Zoe nodded. "He probably dropped something. Stay here."

She knocked on the bathroom door. "Honey?" Knocked again. "You okay in there?" Then she opened to find Will on the floor in the shower, spread out with his limbs in all the wrong directions, awkwardly folded into the glass cubical like a spider in a jar. He was staring dumbly at the soap in his hand while the hot water rand down over his back leaving a scorched, red halo from the heat.

"Must have slipped..." Will muttered, seeming disoriented. His head started to drip blood from below the hairline. Its droplets were instantly washed away by the water. The glass barrier behind was cracked.

"You're all right..." Zow assured him, collecting her husband from the ground. She killed the taps, wrapped him in a towel and ushered him into the bedroom. If anything, he looked worse than before. "I think you've definitely picked up something from those kids earlier," she said, making sure that he sat on the bed. Do not lie down. You could have a little concussion from that knock. I'll go find you something for your head."

She ratted around the cabinets in the bathroom for anything vaguely medicinal. Short of Macgyvering something in the sink out of miniature shampoo bottles, her options were reduced to bandaids, mouthwash and a sheet of painkillers. With that pitiful offering, Zoe re-entered the bedroom, reading the Spanish on the unfamiliar packaging best she could.

"Look," she started, holding the box in front of her face, "I'm at least eighty percent sure that these are pain killers but if you're not willing to risk your life on my Spanish then I suggest you-" Zoe stopped dead.

The men from the car had assembled themselves in her bedroom. One of them held her little girl in his arms. Two more had guns trained on her husband while a fourth pressed the barrel of his gun to her head.

Carefully, Zoe dropped the box and lifted her hands. "Easy..." she whispered, trying to keep everyone calm. "What can I do for you, gentlemen?"

Will was covered in a fresh sheen of sweat. His hands had begun to shiver,trembling against the surface of the bed where he sat. He nodded at her to say that everything was all right. Both of them maintained a facade of peace for the sake of their daughter who had not yet understood the danger.

"Angel Blanco!" The one with the gun on her head hissed. He repeated it, over and over, his aggression rising until Zoe nodded.

"Yes! I saw him. Yes..." Zoe felt the weapon press more firmly into her skin. "Few days ago. Near Shintuya. He's – dead." Her legs were kicked from underneath her. Zoe fell, landing on her knees.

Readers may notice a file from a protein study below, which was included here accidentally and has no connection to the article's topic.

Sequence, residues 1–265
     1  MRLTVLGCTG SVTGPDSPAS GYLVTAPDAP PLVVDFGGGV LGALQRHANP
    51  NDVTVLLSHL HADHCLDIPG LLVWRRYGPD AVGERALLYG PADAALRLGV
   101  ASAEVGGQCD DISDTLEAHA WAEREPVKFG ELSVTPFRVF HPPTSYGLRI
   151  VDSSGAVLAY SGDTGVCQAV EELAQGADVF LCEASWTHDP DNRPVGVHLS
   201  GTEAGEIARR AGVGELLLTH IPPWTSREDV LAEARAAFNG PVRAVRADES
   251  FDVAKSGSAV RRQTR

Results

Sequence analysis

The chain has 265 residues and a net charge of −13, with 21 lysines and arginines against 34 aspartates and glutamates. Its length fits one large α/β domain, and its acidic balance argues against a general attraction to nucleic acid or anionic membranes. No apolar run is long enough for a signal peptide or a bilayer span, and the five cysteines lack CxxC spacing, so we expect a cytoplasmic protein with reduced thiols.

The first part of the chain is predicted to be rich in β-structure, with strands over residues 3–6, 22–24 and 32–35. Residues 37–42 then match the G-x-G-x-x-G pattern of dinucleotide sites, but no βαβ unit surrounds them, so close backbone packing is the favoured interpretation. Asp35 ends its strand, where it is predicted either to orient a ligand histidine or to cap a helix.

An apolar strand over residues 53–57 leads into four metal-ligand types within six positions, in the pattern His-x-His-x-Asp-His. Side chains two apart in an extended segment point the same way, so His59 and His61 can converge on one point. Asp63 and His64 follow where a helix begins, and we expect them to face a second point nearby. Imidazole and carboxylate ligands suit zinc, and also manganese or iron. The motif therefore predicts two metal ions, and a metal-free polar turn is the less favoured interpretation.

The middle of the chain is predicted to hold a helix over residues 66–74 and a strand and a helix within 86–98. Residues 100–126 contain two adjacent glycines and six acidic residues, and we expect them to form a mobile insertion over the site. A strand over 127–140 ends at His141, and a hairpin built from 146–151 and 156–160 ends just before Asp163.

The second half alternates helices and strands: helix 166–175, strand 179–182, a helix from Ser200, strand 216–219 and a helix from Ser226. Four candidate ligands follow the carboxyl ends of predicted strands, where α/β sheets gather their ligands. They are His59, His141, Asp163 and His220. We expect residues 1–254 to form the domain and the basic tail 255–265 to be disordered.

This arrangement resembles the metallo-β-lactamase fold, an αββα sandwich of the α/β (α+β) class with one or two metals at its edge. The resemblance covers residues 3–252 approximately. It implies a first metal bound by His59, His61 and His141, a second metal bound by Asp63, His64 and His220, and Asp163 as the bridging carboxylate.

"It's okay, Sweetie."

"How die? How die!" The man with the gun demanded. "You kill him?"

"He was dead before I got there," Zoe replied, turning to face the man. He was a small-time drug dealer, a miner name trailing Blanco's shadow.

"Liar!" This time, the man back-handed her with the weapon.

Zoe cowered forward with the pain, feeling it sear into her flesh. Blood trickled down her cheek as she sat back up. "Okay... You won't believe me if I tell you the truth." To her left, she heard Will double over in a sudden coughing fit. "Blanco was gravely ill. He'd – taken something. Some shit he'd bought for a lot of money. Sent him crazy. Crazier than you've ever seen. His flesh-" she carefully gestured to one of her arms, "-was black and falling off. I shot him several times but he wouldn't die. An old woman – she cut his head clean off. Then he died. We burned the body. That's the truth of it."

Zoe had expected them to hit her again – call her a liar and beat her until she came up with believable half-truth but that's not what happened. The man with the gun took a step back, lowering his weapon. He rubbed his face in anguish, then held the gun against his head idly as he processed what she'd said.

"Blanco – sick..."

"Yes, sick. I had to kill him. He chased me through the forest like a ghost."

The man holding her daughter spoke this time. His English was perfect with a vaguely American accent. "What happened to the case with the drugs?"

She shook her head. "There was no case. I searched the hut in the forest but there was only an empty needle. Bring me a map, I'll show you where it is, you can go back and search-"

The muffled gunshot echoed in Zoe's ears. Will groaned, his hands grasping his upper thigh which immediately started to bleed over the bedding. 'Son of a bitch!' he muttered, while their daughter started to cry.

"You need to stop lying, or we'll find out how many holes your husband can stand before he begs us to end it. We saw you with the case. Who was the man in the cafe?"

"Honey – what's he talking about?"